The practice of euthanasia is clear offense, however, many judgements have been liberal with the practice of euthanasia, with certain conditions applied; Eg:the patient must be considered competent, being aware of the circumstance. Civil rights of terminally ill also suppots euthanasia. Living wills are mainly considered while permitting euthanasia.

Czech Republic:

There are no legal norms legalizing Euthanasia, but indirectly the country has been liberal towards euthanasia particularly by penal(criminal) code and civil code; which states “If the culprit kills another person out of compassion to accelerate his unavoidable near death and thereby liberates this person from cruel pain caused by incurable illness, the court can exceptionally mitigate the sentence or can refrain from punishment”.

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Japan:

Passive Euthanasia is permitted for patients who have been in coma or vegitative state for more than 3 months.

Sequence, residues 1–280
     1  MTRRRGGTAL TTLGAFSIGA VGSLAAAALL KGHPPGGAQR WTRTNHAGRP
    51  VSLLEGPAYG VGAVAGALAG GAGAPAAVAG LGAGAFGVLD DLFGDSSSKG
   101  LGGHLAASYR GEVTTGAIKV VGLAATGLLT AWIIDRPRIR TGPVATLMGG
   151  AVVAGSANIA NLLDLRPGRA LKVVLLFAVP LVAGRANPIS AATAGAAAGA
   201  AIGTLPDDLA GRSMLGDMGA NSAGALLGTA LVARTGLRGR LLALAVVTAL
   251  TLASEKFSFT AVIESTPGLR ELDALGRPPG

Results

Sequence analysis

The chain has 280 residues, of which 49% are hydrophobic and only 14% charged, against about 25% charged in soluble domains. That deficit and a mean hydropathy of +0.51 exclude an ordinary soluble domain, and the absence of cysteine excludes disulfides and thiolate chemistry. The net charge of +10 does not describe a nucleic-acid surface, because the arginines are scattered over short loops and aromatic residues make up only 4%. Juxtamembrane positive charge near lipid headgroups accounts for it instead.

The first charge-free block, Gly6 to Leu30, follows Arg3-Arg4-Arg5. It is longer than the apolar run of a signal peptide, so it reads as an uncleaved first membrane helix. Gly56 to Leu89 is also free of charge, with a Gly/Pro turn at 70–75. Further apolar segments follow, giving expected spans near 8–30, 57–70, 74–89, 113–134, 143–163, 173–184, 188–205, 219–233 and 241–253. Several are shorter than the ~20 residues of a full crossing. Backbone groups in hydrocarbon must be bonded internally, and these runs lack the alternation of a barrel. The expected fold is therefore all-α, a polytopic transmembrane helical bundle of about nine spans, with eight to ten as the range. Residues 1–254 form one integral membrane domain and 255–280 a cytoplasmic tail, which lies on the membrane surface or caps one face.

Canada:

By accepts the living will, it permits withholding medical treatment but doesn’t allow helping someone to kill himself.

Austrailia:

Legalizes euthanasia. A computerised injction is used to accomplice euthanasia.

In other contries like Germany, swtzerland etc, though euthanasia is not legalized, it is comparably liberal. In Islamic countries and Egypt, they equate euthanaisia to murder. However, ot permits withholding treatment.

Conclusion

Euthanasia has its own pros and cons. Many humanists and religionists feel, this practice devalues sanctity of human life, acts againsst the nature rules and belive that it is only god who can take away human life. It can also have future repercussions  where euthanasia can become non-voluntary, can safegaurd many murders. In some cases it is a irreversible damage where it can destroy a life which could have survived, though the doctor or family members didn’t have the knowledge of it.

When we talk about the pros of euthanasia; it prevents patients from suffering and attain peaceful death; which gives them the freedom to decide on whether to stay alive or commit suicide in order to prevent suffering. It give physical and mental relief to  both the patient and their parents/gaurdians, one which is by way of preventing their investment in the patients treatment.

So having both pros and cons side, it is very much necessary for patient or their parents/gaurdians to take appropriate decision taking into consideration the surrounding circumstances.

 

Author: Harshini P,
IFIM LAW SCHOOL(2nd year)